How humans react to changing rewards during visual foraging

Jinxia Zhang, Xue Gong, Daryl Fougnie, Jeremy M. Wolfe

Research output: Contribution to journalArticlepeer-review


Much is known about the speed and accuracy of search in single-target search tasks, but less attention has been devoted to understanding search in multiple-target foraging tasks. These tasks raise and answer important questions about how individuals decide to terminate searches in cases in which the number of targets in each display is unknown. Even when asked to find every target, individuals quit before exhaustively searching a display. Because a failure to notice targets can have profound effects (e.g., missing a malignant tumor in an X-ray), it is important to develop strategies that could limit such errors. Here, we explored the impact of different reward patterns on these failures. In the Neutral condition, reward for finding a target was constant over time. In the Increasing condition, reward increased for each successive target in a display, penalizing early departure from a display. In the Decreasing condition, reward decreased for each successive target in a display. The experimental results demonstrate that observers will forage for longer (and find more targets) when the value of successive targets increases (and the opposite when value decreases). The data indicate that observers were learning to utilize knowledge of the reward pattern and to forage optimally over the course of the experiment. Simulation results further revealed that human behavior could be modeled with a variant of Charnov’s Marginal Value Theorem (MVT) (Charnov, 1976) that includes roles for reward and learning.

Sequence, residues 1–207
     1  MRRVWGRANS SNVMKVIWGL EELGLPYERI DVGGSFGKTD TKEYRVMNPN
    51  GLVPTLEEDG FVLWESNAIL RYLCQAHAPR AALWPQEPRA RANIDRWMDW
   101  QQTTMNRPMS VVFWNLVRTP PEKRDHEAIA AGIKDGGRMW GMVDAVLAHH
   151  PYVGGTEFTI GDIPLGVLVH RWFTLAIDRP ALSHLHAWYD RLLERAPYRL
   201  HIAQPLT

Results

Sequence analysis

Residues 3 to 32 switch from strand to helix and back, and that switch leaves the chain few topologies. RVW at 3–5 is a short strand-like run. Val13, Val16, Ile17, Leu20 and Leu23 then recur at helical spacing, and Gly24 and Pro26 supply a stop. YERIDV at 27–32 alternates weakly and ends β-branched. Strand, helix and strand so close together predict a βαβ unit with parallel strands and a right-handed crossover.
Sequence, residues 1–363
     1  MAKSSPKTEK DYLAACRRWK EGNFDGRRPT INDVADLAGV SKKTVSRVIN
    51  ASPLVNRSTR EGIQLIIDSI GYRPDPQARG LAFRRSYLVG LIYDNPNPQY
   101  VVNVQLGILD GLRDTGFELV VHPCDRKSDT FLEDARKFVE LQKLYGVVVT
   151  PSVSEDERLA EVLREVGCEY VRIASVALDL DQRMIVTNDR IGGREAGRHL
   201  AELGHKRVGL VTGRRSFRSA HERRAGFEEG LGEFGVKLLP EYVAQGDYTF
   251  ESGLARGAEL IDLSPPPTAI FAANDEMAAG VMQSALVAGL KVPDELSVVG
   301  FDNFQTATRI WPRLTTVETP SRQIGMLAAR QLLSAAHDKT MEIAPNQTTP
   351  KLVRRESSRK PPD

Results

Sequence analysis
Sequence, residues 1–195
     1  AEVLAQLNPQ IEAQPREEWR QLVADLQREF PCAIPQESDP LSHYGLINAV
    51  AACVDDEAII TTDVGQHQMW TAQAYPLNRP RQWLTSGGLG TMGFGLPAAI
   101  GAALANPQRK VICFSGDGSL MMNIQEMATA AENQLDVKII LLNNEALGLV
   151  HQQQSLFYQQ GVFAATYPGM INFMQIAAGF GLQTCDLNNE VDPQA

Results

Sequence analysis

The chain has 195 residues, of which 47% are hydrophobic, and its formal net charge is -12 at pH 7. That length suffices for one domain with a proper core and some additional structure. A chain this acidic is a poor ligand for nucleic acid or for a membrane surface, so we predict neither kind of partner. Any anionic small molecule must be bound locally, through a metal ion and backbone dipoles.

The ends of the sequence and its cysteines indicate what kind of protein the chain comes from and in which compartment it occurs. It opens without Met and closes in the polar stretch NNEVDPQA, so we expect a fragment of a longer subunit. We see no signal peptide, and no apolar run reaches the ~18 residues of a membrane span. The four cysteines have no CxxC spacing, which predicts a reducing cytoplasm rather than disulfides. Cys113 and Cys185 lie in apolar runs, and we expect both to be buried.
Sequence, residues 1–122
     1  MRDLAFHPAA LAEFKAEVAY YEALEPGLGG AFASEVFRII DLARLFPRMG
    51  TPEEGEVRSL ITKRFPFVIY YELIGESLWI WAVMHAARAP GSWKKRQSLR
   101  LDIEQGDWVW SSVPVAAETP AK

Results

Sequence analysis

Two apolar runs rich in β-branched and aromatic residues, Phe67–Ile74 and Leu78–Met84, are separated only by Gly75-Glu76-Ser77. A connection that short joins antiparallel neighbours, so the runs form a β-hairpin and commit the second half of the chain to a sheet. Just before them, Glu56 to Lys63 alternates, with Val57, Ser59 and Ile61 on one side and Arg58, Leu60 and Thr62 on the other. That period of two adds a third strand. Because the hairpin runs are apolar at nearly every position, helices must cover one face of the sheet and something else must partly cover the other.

Original languageEnglish (US)
Pages (from-to)2299-2309
Number of pages11
JournalAttention, Perception, and Psychophysics
Issue number8
StatePublished - Nov 1 2017


  • Human foraging
  • Optimal foraging
  • Reward pattern
  • Search termination
  • Visual search

ASJC Scopus subject areas

  • Language and Linguistics
  • Experimental and Cognitive Psychology
  • Sensory Systems
  • Linguistics and Language


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